By Jordan S. Rubin, NMD, PhD
Rubin, a naturopathic doctor, bases his diet on the whole grains, saturated fats, red meat, and unprocessed foods (such as raw, unpasteurized goat's milk and cheese) eaten during biblical times. And because hormone injections, pesticides, and other staples of today's food industry hadn't yet been introduced, he also recommends eating organic when possible. He lays out a three-phase, 40-day plan evoking Moses' journey and Lent, each phase allowing a greater choice of foods than the previous one, and suggests a partial fast every seven days with dinner as the only meal; morning and evening prayers are part of the program. Rubin also prescribes a regimen of supplements, aromatherapy, and hygiene that requires dieters to purchase a number of items, many developed by Rubin himself.
What the experts like: Economos applauds "the concept of organic, free-range meat and getting people to eat a wider variety of less-processed foods." And this, she says, is the only book of the group that emphasizes a spiritual component, which may give some readers the extra motivation they need to stick to the diet.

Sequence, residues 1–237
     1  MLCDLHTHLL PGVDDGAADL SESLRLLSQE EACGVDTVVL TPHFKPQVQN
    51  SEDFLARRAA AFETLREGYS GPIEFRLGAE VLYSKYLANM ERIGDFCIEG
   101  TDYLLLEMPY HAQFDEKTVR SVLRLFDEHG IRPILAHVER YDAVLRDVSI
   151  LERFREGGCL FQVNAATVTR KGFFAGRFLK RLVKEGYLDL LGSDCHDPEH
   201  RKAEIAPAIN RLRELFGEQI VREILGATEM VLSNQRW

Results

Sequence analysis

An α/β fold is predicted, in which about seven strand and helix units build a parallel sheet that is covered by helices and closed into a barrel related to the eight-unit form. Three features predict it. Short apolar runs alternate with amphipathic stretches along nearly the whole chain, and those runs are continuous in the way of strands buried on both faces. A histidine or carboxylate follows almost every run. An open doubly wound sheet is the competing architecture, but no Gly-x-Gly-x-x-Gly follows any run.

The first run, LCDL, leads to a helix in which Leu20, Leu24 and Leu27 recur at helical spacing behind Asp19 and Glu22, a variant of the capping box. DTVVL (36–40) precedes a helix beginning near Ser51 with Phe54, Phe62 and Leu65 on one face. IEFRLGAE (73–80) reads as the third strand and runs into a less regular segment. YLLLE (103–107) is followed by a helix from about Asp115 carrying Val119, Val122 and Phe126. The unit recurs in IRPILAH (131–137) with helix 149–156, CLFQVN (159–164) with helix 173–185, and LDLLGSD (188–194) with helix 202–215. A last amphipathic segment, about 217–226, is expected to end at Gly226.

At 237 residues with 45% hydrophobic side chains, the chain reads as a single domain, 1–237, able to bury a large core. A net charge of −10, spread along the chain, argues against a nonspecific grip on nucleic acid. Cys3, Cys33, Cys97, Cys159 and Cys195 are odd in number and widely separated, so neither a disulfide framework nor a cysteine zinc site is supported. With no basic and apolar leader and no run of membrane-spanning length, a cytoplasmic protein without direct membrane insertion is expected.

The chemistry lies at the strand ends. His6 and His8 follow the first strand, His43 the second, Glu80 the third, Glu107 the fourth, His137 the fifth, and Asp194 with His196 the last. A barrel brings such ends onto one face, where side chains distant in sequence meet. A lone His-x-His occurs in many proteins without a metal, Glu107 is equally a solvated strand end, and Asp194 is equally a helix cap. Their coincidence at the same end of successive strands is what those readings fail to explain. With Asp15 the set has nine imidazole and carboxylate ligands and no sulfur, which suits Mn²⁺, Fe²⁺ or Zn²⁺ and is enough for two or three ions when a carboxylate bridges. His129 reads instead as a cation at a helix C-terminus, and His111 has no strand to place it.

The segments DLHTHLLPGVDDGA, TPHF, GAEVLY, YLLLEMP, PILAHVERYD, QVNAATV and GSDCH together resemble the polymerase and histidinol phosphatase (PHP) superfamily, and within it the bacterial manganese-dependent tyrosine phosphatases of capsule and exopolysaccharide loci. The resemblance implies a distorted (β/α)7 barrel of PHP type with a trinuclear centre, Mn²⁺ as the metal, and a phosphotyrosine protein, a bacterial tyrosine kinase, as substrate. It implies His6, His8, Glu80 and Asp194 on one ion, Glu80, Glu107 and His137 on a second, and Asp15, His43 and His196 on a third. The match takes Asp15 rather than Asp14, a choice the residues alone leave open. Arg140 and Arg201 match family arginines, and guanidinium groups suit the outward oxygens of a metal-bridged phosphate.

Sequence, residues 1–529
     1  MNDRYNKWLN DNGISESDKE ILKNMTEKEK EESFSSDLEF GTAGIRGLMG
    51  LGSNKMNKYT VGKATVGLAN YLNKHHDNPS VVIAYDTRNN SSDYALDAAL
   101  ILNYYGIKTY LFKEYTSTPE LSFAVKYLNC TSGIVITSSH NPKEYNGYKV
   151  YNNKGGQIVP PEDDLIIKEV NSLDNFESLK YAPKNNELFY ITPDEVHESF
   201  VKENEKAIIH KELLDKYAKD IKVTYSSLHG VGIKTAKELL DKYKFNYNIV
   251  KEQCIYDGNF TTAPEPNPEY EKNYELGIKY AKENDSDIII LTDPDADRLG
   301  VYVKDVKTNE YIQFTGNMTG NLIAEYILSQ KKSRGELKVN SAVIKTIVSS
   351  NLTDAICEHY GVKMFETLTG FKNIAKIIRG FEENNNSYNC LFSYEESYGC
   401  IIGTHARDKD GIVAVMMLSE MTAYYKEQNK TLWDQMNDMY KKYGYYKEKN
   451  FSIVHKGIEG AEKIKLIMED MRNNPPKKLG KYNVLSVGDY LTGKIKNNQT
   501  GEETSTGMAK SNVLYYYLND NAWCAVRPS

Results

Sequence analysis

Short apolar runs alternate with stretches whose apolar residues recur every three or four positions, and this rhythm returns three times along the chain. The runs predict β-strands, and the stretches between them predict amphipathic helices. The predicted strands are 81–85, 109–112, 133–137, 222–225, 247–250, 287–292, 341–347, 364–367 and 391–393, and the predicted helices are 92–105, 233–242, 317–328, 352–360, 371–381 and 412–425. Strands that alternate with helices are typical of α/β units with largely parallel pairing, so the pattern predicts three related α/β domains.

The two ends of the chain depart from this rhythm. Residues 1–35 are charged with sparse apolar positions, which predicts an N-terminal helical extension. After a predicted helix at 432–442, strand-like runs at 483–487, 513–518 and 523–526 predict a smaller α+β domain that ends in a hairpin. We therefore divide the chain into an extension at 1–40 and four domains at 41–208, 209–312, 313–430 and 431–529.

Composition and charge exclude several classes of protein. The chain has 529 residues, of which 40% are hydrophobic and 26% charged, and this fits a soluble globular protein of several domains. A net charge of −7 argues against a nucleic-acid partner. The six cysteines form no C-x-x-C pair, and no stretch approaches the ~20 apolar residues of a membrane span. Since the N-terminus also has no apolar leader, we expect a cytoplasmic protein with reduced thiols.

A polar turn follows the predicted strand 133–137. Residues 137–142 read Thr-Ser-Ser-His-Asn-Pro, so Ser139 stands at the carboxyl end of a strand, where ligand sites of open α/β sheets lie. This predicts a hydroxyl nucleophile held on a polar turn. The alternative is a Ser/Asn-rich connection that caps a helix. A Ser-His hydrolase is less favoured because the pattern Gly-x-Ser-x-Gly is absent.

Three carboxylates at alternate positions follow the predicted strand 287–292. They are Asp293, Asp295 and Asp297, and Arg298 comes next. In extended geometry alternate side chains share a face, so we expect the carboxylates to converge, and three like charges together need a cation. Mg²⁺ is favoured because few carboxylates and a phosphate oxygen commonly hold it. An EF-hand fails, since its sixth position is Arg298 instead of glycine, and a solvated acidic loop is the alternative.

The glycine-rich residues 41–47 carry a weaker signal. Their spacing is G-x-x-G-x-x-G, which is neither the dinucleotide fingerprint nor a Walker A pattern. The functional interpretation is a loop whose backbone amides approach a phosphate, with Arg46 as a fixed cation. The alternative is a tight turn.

What they don't like: "There's an incredible amount of commercialism and product endorsement in the book," Nelson says, and purchasing the recommended pills and potions would be costly. In addition, Economos cautions that fasting, while not always harmful, can be dangerous for people with high blood pressure or diabetes, both of which are common in obese individuals. "Plus," she says, "deprivation primes people for binges." Lash also takes issue with the author's superior tone: "He goes out of his way to put down various kinds of medical care other than the one he espouses." Bottom line, he says, "It's a diet I wouldn't recommend to anyone."
Crunching the numbers: Not counting the partial fasts, daily calories start at about 1,650 and increase to roughly 1,800 by phase two. In the first phase, fat is a whopping 58 percent of total calories, but by the time you get to maintenance, it's lowered to a healthy amount. The diet is low in calcium and vitamin D.